Against this background, the subject of this study was to achieve a fundamental understanding of how electric fields applied to a quartz sand bed affect the filter performance in view of hygienic parameters (coliforms, E. coli). Thereby, possible mechanisms of action, in particular,
an electrokinetically improved accumulation of coliforms in the filter medium (an increase of the collector efficiency),
an irreversible inactivation of coliforms by electrochemically produced free chlorine, and
an irreversible inactivation of coliforms under acidic or basic pH conditions as a result of the electrolytic water decomposition
The results of this study provide essential information to assess the combined application of electric fields and slow sand filtration for the disinfection of secondary effluents as a part of WW reclamation.
MATERIALS AND METHODS
Reagents, chemical, and microbiological analyses
All chemicals used were of reagent grade and could be applied without further purification.
Anion concentrations were measured by an ion chromatograph DX 500 (DIONEX Co., USA) equipped with a conductivity detector and an IonPac AS 19 column (2 × 250 mm, eluent 20 mM KOH, flow rate 0.25 mL min−1).
The dissolved organic carbon (DOC) concentration was measured with the device TOC-VCPN (Shimadzu, Japan).
The photometric determination of free chlorine and total oxidants was carried out by means of N,N-diethyl-p-phenylenediamine (DPD) method (EN ISO 7393-2) utilizing the UV/VIS photometer Cary 50 Series (Varian Inc., USA). The EN ISO 7393-2 describes the determination of free chlorine and total chlorine at pH values ranging from 6.2 to 6.5. In the case of total chlorine, iodide ions were added to the DPD reagent. These ions reduce chlorine substitution products to free chlorine, so that they are also captured. However, this method proved to be unselective in the presence of other oxidants, such as hydrogen peroxide or peroxodisulfate, being also able to oxidize iodide ions to iodine. Besides chlorine, iodine can also react with the DPD reagent to a red dye. As these and other by-products can occur during the electrochemical disinfection of water, the results of this photometric method were designated as the concentration of total oxidants.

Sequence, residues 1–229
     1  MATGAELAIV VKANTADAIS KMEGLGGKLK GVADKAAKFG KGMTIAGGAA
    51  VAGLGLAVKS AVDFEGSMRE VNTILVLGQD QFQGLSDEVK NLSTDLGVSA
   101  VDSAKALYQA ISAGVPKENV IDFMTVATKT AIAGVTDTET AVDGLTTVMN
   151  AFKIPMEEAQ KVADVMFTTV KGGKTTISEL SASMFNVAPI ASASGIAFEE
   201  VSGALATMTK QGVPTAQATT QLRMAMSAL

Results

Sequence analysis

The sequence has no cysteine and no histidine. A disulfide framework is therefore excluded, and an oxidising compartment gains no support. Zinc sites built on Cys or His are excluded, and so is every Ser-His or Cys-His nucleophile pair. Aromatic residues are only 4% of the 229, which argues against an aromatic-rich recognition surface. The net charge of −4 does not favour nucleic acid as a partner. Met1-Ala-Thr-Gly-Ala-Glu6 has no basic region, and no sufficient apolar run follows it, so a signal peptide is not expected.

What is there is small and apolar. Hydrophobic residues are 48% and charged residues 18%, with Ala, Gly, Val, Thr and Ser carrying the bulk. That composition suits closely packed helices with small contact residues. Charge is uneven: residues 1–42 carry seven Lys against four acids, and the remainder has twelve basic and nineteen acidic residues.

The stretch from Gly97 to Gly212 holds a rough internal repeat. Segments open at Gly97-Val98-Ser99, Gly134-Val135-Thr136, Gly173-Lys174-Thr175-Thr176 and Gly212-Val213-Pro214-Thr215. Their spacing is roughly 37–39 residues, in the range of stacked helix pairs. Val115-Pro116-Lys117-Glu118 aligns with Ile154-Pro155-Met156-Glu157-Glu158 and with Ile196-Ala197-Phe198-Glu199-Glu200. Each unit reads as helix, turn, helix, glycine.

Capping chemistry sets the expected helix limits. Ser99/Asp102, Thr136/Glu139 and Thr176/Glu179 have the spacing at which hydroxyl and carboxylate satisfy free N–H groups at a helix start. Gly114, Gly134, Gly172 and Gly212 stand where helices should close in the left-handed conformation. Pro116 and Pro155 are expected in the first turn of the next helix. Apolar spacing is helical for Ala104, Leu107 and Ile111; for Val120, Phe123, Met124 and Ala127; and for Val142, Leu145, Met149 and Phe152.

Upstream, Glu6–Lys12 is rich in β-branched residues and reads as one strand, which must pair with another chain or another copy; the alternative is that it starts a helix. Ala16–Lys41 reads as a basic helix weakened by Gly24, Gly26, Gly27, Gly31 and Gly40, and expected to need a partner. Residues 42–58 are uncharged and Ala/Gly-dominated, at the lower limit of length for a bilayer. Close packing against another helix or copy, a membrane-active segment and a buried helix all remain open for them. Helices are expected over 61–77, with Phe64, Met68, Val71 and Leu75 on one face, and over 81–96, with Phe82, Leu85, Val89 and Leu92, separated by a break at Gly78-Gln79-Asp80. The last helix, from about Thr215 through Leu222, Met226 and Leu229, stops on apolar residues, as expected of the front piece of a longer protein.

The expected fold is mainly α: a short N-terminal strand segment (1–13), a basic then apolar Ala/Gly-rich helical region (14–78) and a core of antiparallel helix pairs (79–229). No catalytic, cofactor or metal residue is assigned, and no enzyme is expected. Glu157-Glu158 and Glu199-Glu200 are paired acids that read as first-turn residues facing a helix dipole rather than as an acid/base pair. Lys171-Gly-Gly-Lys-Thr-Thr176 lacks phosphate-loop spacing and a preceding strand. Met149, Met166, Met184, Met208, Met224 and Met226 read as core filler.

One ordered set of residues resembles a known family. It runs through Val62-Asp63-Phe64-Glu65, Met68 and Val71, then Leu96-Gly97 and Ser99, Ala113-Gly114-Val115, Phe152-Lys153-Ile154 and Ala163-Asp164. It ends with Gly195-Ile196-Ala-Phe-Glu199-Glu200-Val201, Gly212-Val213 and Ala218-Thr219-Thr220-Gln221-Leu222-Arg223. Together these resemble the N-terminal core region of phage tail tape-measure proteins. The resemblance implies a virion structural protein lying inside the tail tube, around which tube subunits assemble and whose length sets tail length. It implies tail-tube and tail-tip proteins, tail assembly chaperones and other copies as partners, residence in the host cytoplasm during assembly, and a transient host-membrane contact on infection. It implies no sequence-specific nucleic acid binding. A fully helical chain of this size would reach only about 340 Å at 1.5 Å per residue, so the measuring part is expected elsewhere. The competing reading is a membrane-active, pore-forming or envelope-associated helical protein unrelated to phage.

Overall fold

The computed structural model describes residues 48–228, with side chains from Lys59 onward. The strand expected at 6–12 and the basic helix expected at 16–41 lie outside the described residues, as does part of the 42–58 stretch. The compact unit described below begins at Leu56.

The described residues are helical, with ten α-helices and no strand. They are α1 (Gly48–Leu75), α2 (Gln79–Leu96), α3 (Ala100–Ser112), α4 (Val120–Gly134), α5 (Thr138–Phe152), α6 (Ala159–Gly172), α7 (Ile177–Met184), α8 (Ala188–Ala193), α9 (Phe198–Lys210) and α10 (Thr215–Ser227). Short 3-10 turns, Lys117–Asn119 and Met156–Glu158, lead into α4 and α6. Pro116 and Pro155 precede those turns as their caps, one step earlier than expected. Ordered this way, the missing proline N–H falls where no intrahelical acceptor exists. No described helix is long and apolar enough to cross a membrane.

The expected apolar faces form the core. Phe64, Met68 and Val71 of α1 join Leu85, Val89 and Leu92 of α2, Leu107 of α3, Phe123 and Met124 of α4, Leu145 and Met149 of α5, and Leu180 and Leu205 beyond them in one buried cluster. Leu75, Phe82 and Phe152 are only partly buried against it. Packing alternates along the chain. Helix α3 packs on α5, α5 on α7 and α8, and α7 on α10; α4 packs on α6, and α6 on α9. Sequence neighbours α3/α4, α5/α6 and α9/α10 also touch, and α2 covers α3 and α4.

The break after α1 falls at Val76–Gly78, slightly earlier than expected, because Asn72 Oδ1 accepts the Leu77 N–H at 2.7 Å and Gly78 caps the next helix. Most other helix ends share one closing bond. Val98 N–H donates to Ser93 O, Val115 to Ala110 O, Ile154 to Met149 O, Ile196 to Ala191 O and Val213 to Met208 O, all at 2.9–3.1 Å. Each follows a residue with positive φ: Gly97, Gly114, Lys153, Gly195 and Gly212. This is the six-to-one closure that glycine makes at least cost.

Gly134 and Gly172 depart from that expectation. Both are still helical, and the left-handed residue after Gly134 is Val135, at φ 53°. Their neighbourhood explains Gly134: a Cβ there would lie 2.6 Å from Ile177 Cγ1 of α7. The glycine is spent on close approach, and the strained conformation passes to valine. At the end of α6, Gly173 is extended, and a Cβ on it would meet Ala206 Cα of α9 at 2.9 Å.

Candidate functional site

The zeta potential was determined with a Zetaziser Nano ZS (Malvern Instruments, UK) using the Laser Doppler Measurement and the Light Phase Analysis (M3-PALS).
The standard deviations of the analytical methods applied were found to be 5% for the DPD method, 5% for the determination of DOC, 10% for the anion analyses (e.g., chloride, etc.) by ion chromatography, and 5% for the determination of the zeta potential.
The quantitative determinations of E. coli and total coliforms were conducted by means of the Colilert-18/Quanti-Tray procedure (IDEXX, USA).
Triplicate measurements of disinfection and reactivation experiments exhibited a good reproducibility of the microbiological methods within a 95% confidence interval.
Preparation of the coliform (E. coli) stock suspension and spiking biologically treated WW or model water
In order to adjust a stable initial bacterial concentration in each assay, it was essential to cultivate coliforms from the sewage and then spike the water with them. The proportion of E. coli within the total of coliforms amounted to approximately 50%.
To this end, 0.1 mL of a fresh sewage sample (WW treatment plant, Dresden, Germany) was spread on selective agar for coliform germs (Mac Conkey Agar, Merck, Germany) and incubated for 20 h at 37 °C. Some colonies were collected through an inoculating loop and inserted into a nutrient solution consisting of pancreatic peptone and meat (SIFIN, Germany). This solution was kept in an incubator for 5 h at 37 °C. The test culture thus created was mixed with glycerine, filled in Greiner tubes, and stored at −70 °C. The working culture was produced by adding 1 mL of the test culture to 50 mL of the nutrient broth and incubating it for 5 h at 37 °C. Thereafter, 0.1 mL of this solution was spread to an agar plate and grown to a bacterial layer at 36 °C for 24 h (DEV nutrient agar). This layer was washed with a 5 mL solution prepared with 8.5 g of NaCl and 20 mL of phosphate buffer (pH = 7.3). This final suspension had a durability of 7 days and contained from 1 to 9 × 109 CFU/mL.